8 Characteristics of High Performing Agile Teams
Summary | Save 7 min
In times of change and uncertainty (and if we're being honest, most of the rest of the time too), a high performing team is the most reliable source of innovative ideas. But it's neither the organizational culture nor individual performance that dictates success. It's the teams those individuals are part of.
Clear, Shared Purpose
Teams need a clear rationale for why they've come together
When there's a clear purpose for a team, they can evaluate requests, projects, and ideas against that purpose
Ideally teams in general, and marketing teams in particular, should form around customer-centric goals
Provide value to customers early and often
A Few Clear KPIs
Closely tied to the team's shared, customer-centric purpose is their focus on a few core KPIs (key performance indicators).
These metrics indicate whether or not the team is effectively working toward their goal.
They allow the team to further refine their selected activities.
Owners of the 'How'
For teams to provide amazing solutions to thorny problems, they need a high degree of autonomy around the how - otherwise known as the how.
Overly prescriptive demands strip teams of their motivation and make them feel disconnected from the work they do.
As Cross-Functional as Possible
A cross-functional team contains all the necessary skills for completing their work
Increases productivity while reducing their waiting time
Pure cross-functionality is often a challenge, particularly in marketing where you have a large number of subject matter experts who need to contribute only occasionally
It's therefore important that we evaluate the skills needed for each team to reach their established KPIs and try to staff for those capabilities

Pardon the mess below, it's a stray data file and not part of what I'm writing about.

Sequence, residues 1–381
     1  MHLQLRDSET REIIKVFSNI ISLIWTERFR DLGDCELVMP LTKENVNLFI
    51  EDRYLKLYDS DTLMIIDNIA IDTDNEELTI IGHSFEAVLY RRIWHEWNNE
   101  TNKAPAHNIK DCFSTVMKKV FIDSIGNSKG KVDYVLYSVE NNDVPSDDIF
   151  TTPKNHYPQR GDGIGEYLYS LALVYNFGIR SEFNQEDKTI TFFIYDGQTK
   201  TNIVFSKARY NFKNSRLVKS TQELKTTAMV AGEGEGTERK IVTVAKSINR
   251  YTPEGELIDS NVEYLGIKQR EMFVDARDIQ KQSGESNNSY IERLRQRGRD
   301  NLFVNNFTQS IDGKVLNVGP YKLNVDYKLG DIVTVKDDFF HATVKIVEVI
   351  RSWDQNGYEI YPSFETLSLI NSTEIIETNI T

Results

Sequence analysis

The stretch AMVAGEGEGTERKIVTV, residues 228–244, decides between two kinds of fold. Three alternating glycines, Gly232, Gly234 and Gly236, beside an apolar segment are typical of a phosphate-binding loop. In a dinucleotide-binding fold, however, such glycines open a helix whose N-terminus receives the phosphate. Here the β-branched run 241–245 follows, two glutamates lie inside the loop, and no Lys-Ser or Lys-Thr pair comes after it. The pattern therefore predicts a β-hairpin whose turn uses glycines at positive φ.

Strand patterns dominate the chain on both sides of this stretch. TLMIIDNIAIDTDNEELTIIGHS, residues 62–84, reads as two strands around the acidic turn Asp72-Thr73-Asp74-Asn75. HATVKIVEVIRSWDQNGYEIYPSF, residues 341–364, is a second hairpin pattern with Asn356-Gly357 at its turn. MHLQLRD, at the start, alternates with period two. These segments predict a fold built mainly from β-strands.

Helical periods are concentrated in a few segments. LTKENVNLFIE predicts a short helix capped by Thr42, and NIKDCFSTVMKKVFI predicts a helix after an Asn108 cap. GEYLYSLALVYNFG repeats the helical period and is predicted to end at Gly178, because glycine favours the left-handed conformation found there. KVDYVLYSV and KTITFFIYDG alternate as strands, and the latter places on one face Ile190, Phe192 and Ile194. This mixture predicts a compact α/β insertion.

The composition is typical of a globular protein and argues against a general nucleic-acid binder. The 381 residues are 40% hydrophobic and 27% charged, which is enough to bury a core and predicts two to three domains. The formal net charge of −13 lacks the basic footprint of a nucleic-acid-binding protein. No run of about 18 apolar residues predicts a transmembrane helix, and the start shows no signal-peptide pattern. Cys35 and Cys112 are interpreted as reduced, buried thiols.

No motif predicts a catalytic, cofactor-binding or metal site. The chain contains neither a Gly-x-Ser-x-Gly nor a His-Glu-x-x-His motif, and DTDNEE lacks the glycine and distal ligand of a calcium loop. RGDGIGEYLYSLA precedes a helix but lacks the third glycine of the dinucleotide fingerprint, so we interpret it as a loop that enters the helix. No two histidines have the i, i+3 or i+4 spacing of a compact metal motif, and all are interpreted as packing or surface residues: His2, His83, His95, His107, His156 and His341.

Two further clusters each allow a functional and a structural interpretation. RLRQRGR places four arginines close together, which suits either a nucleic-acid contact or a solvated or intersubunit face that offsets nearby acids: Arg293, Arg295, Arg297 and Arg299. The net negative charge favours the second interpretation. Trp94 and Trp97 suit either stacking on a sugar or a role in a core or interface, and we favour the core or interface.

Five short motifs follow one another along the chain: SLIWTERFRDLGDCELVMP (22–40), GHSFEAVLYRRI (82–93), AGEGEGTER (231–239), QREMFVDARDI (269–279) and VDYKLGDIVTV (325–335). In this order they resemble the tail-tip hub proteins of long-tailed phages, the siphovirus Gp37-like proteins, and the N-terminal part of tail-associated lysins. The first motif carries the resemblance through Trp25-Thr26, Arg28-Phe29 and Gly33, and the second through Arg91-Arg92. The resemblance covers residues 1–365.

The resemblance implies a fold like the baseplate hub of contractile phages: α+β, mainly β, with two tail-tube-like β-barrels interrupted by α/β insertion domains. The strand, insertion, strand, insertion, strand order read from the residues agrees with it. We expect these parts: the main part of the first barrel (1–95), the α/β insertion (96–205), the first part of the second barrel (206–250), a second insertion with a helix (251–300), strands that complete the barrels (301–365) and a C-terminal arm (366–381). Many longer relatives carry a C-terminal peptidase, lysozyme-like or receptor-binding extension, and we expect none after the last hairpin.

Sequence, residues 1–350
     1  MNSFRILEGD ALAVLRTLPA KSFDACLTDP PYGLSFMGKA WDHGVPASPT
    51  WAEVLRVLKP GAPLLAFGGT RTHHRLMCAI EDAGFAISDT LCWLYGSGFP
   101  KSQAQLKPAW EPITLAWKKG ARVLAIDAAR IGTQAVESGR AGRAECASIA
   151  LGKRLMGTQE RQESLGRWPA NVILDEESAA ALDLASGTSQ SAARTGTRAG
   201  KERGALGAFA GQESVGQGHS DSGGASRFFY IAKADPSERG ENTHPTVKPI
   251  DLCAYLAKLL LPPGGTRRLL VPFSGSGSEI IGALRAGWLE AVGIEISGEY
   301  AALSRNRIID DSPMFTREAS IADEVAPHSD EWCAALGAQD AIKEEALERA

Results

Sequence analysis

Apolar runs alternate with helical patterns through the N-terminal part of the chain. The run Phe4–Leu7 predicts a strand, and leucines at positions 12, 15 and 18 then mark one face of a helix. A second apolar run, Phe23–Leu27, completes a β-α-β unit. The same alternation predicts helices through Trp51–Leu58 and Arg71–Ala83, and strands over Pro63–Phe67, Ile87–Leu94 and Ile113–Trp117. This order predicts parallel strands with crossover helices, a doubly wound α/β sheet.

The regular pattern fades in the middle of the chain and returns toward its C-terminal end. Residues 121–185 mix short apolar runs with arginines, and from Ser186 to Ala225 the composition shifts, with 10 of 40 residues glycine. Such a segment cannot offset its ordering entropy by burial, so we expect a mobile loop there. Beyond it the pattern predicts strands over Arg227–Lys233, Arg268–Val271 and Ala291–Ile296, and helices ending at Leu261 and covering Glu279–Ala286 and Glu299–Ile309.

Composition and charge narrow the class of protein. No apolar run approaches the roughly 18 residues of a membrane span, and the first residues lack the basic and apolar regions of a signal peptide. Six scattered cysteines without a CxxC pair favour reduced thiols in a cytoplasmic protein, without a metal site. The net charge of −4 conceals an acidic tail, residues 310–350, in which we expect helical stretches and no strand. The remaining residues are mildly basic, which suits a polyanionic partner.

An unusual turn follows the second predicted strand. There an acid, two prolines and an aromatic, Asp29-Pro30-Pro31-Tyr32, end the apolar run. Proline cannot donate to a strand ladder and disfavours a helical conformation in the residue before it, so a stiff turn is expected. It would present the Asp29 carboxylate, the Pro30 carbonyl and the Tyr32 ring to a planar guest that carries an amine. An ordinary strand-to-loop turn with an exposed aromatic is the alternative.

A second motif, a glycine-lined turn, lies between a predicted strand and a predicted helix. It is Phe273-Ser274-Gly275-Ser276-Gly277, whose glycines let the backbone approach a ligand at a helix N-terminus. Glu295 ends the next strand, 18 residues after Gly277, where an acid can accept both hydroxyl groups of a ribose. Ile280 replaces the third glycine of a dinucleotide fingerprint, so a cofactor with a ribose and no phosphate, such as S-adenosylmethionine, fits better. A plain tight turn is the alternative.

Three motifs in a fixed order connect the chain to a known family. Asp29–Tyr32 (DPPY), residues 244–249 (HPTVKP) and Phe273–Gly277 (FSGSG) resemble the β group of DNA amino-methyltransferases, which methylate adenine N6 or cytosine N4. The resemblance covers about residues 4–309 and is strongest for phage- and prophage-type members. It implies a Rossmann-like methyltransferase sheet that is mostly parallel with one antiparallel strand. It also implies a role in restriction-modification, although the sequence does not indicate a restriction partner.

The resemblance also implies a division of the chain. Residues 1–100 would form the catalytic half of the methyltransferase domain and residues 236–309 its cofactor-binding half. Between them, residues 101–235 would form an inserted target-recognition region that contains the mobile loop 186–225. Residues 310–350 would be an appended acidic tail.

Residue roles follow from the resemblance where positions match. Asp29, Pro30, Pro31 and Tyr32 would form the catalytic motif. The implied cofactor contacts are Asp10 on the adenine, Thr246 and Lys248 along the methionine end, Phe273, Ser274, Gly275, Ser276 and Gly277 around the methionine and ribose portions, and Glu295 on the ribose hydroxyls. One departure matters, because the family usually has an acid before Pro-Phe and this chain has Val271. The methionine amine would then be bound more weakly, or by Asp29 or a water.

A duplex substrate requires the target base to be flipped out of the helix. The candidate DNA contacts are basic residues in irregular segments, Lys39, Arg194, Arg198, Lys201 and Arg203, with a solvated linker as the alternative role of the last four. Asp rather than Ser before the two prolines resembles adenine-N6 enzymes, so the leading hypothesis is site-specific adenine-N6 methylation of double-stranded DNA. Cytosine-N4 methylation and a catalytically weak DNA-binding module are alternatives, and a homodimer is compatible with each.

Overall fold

High performing teams need to be fairly small
Ideally between four and 10 people
Smaller teams get more done and innovate more often
The bigger the team gets, the more time will be spent communicating and navigating internal relationships
lightweight tools like a scaled daily standup, also known as a scrum of scrums, can allow for rapid connection between these small teams
One Clear Point of Contact
When teams do need to interact with one another, and when internal stakeholders need to bring them requests, there should be one person to talk to
This person should be the buffer between the team and its stakeholders
For fully functioning Agile teams, the team lead will be responsible for maintaining their backlog
Aligned to Bigger Goals
There should be a clear throughline from daily activities the team spends their time on and larger goals
Project management tools are useful in this regard
By keeping these connections (or lack thereof) clear in a workflow management tool, you can develop a clear picture of what percentage of the team's time is spent on particular goals
Team members need to feel safe speaking their minds, even if that means fundamentally disagreeing with leaders or fellow team members
Google discovered that the presence of psychological safety was the most stable predictor of team success
You can't just show up one day and declare psychological safety now exists, it's built over the long term by consistent, repeated actions
High Performing Teams: Tough, But Worth It
Once you have them, you have an inexhaustible engine for problem solving and innovation